The podcast was a lot of work, but it was fun, too (I did all the editing myself and generally enjoy that sort of thing, but it gets old fast). We promoted it on the Business of Software forum and got good feedback. Nobody at Microsoft cared about what I was doing, but I figured they would the next time I had to promote something like BizSpark again.
In the Business of Software forum, I noticed people talking about the 3rd year of a conference, also called Business of Software. Joel Spolsky was the headliner, but the person running it was Neil Davidson from Red Gate Software. I reached out to him to see if I could speak about something, and he suggested I do a “lightning talk.”
I didn’t know it at the time, but getting to do a lightning talk at BoS was a big deal. Neil didn’t audition me or anything – he was taking a flyer on me, because he too thought it would be useful to get a little of the Microsoft perspective at his event. Microsoft was in a weird spot with this community. Even though it was a huge company, it was largely irrelevant with startups. It just wasn’t the go-to technology that the cool kids used when they wanted to build something new. Microsoft tried to bribe them from time to time, but most exciting startups chose something else to build their software. (Since that time, Microsoft has embraced open source technologies to a shocking degree, which has made them more relevant with this market – if you can’t beat ’em, join ’em.)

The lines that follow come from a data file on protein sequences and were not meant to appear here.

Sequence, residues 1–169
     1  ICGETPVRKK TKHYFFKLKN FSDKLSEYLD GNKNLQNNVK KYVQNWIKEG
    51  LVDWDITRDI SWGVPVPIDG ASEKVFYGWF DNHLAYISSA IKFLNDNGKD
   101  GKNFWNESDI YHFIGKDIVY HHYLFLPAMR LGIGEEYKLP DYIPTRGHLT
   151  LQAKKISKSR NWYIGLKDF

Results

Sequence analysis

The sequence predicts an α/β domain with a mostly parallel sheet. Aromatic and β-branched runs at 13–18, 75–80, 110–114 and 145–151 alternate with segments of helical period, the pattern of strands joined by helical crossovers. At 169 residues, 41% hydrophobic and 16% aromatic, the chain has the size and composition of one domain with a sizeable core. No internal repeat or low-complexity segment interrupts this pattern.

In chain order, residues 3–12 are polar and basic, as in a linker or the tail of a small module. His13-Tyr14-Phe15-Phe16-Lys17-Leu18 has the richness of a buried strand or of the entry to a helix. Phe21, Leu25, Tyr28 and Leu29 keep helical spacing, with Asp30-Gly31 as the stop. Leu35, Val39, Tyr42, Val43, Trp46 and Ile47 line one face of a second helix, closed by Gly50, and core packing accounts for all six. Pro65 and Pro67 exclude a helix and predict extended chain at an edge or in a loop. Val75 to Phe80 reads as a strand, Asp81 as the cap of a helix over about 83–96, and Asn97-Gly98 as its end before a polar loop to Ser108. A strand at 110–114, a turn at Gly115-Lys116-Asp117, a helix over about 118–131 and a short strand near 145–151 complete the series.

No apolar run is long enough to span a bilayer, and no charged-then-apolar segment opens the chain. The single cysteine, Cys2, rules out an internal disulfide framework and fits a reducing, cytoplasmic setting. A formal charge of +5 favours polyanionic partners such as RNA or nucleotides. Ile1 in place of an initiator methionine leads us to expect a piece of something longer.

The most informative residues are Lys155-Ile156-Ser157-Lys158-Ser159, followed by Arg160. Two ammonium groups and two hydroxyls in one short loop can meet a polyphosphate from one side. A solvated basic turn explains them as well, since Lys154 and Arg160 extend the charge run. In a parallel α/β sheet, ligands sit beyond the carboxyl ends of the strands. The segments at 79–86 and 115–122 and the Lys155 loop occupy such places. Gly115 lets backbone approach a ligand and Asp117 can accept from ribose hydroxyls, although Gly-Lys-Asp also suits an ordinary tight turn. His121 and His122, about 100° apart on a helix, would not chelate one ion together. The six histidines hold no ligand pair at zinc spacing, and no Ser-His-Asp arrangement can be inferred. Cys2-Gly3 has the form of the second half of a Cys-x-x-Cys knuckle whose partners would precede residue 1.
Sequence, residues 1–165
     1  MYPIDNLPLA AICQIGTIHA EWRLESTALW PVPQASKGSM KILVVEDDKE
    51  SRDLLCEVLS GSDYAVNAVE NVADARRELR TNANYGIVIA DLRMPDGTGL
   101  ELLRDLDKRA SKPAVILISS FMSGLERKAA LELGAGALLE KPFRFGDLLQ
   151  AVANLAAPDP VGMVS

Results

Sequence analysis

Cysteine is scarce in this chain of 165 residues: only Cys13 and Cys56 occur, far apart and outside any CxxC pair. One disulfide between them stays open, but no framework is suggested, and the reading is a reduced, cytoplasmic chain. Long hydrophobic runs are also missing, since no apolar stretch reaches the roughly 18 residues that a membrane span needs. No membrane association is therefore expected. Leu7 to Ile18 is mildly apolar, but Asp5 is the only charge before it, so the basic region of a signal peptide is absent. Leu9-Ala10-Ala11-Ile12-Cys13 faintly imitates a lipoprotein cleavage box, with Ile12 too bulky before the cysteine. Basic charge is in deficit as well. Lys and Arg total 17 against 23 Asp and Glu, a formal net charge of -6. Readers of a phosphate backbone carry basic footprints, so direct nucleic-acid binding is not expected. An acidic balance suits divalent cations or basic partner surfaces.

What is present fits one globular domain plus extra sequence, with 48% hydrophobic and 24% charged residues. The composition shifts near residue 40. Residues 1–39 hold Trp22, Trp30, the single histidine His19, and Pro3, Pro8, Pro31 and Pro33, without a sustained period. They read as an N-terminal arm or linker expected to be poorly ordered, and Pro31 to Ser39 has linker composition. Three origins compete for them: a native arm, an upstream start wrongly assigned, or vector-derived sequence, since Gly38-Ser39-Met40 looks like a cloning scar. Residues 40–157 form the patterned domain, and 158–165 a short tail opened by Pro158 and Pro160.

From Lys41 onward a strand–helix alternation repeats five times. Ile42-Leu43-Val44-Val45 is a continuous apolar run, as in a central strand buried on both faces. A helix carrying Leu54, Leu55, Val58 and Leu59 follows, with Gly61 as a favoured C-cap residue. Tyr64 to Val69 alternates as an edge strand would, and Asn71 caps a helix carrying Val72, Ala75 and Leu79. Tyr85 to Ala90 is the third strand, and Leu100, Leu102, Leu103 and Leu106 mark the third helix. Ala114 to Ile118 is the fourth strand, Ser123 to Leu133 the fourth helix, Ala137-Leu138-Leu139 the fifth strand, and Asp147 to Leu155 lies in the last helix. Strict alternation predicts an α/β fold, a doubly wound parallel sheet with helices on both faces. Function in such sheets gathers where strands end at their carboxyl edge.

Neil didn’t want me speaking about Microsoft technology directly, and I agreed – nobody would care about that. Instead I prepared a more personal lightning talk called Give More Than You Take.
That conference was very special to me – it changed my life in fact. I met Jody Burgess there, who later helped me try to get my startup off the ground (more on that shortly). I met Harry and Ted, the founders of Moraware there, so the conference led directly to my current job. I met many of the people who would be on my podcast. I attended eight years in a row.